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will I ever

I have to warn you: This is not a happy post. Nor a funny one. Nor a helpful one. Nor a pretty one. Proceed at your own discretion. You have been warned.

What I want to say today is the following: Will I ever grow up?

Maybe you are one of those people who believe that growing up is very much overrated and your first reaction right now is to say: ‘Girl, why would you want to? Be glad you’re not grown up!’

Or maybe you are one of those who never had to think about it because your growing up just happened and you’re thinking right now: ‘What are you talking about woman? You’re thirty years old, of course you’re grown up.’ (Okay, maybe you didn’t know my age, but let’s assume you did.)

I used to think that all grown-ups knew what they wanted and had sound reasons for the things that they did. I’m still not fully over the shock of discovering, somewhere in the middle of adolescence, that grown-ups had no clue themselves. They were only figuring things out as they went along themselves, and often they went along blindly. Sometimes I still wish that realization had never happened.

Let’s take a quick look at what being grown up means. Of course, what that really means is that I am looking at what it means to me. And there are two sides to it. There is the emotional, inner side. On that side it means taking responsibility for yourself. Knowing what you want and having a goal. Knowing how to go about achieving it. Knowing yourself. Being secure in your identity. Knowing what are your passions, what are your weaknesses and how to keep each in balance.

Then there is the factual, outer side. On that side it means having a place to live. Paying taxes. Dealing with bureaucracy. Saving money. Taking care of retirement. Having financial stability. Owning furniture, a car, a computer or TV. Having stability. Having a plan.

(I’m leaving out anything relationship-related, like a partner or kids or friends, because that relies on other people as well as yourself.)

I’m afraid of the outer part. I long for the inner part.

Unfortunately, I can’t really get around paying taxes and dealing with bureaucracy, but I can refuse to own furniture or a car or thinking of and planning for retirement – and I do – but I really can’t imagine being without a computer. Half-half, I guess.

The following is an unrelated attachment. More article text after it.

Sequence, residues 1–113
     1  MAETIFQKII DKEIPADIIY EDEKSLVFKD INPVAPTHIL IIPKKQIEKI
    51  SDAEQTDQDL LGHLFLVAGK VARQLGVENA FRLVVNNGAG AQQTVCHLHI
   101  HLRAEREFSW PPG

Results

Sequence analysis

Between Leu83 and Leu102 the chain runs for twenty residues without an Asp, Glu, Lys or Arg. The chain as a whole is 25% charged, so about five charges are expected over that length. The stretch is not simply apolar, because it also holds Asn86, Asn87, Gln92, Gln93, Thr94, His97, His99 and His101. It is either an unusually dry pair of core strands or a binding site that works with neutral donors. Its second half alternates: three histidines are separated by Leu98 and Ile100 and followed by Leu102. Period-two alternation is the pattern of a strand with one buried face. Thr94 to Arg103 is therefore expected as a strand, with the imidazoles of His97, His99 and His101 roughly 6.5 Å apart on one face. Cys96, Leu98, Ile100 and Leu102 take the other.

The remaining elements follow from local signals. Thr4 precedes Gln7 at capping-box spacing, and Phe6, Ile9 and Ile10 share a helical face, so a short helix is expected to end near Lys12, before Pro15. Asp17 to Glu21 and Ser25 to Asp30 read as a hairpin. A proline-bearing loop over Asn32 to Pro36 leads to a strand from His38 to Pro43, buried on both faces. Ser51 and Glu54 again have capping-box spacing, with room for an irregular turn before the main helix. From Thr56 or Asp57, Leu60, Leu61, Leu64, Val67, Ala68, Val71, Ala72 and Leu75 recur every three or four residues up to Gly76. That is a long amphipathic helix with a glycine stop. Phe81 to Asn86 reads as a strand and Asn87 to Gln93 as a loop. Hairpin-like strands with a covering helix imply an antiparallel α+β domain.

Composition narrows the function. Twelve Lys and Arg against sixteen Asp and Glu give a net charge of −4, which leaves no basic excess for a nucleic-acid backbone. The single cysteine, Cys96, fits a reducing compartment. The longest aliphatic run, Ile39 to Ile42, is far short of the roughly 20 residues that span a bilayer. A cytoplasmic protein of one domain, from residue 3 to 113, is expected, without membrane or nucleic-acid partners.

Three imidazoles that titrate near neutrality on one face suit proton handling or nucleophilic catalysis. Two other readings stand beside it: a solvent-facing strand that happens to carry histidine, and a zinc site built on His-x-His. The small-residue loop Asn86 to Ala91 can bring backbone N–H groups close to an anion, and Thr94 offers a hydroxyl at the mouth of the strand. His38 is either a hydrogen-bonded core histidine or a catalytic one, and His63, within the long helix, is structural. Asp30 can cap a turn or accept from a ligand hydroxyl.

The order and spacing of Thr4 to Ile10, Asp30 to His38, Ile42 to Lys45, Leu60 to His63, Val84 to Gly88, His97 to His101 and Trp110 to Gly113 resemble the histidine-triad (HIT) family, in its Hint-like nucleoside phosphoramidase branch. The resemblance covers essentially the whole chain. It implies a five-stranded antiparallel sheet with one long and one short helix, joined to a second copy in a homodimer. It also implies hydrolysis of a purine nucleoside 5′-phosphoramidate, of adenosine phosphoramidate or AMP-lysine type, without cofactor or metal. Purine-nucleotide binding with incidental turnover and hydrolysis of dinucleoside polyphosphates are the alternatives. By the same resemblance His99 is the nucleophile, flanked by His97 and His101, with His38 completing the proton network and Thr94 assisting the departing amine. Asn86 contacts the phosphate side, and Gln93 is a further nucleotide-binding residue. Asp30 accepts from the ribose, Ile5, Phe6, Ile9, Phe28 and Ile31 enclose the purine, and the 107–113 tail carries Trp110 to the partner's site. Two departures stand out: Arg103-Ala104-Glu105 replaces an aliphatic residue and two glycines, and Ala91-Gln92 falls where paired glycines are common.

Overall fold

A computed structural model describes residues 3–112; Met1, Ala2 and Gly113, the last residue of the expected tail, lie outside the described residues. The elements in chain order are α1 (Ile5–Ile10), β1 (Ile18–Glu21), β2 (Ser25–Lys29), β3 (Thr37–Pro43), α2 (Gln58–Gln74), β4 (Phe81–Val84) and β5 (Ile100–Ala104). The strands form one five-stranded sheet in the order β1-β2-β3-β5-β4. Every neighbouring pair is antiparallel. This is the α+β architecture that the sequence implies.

As to the inner part… I used to have no idea who I was. I made it up as I went along. I’ve become much better at being honest with myself, listening to my own voice, getting to know myself. Especially the last two years have done wonders for me in that area. I still have problems with knowing what I want, and even more, with knowing how to go about achieving what I want. Or how to be able to stick with it.

Today, more than on any other day recently, I feel like my mind is just a big swarm of flies. Thoughts buzz around, settling again and again on the same spots, only to take flight as soon as I approach. It’s a buzzing, shifting mess and I cannot sort it out. I have new ideas, I have old ideas refusing to die down, and all the while my stomach is fluttering from nerves and the back of my neck is prickling. It feels like I have forgotten something very important. Like I’m about to miss the one and only chance I have. Like I have to step onto the stage and perform and I have no idea what.

I don’t know where I’m going. I don’t know what I’m doing. I’m very busy all day, but when I look at what I’ve done, there is nothing I can show for it.

So my question is: Will I ever grow up?

Or, if you want me to re-phrase it: Will I ever know what I want? Will I ever have a clue? Will I ever wake up and just KNOW?


signs of growing up

I survived! The first day of being thirty, and I neither feel particularly older, nor did I spontaneously develop wrinkles over night.

Yes, I did check quite closely in the mirror this morning. Why are you grinning like that?

I dreaded this threshold for a long time, but now I’m past it, it seems that neither wrinkles, nor growing up, happen over night. It’s easy to check for wrinkles, it’s a bit harder to check for signs of growing up, but I’ll be going with these for the moment:

  • you don’t get joy out of the fact that you managed to go over the speed limit, as verified by a digital “speed-awareness” sign, on your bike
  • you don’t sing along to your music while in the middle of town
  • you don’t admit to the insurance guy that you have no idea what he’s asking you about on the phone because you’ve just never had to think about it/never were interested in it/never could be bothered – and even if you do, you feel guilty about it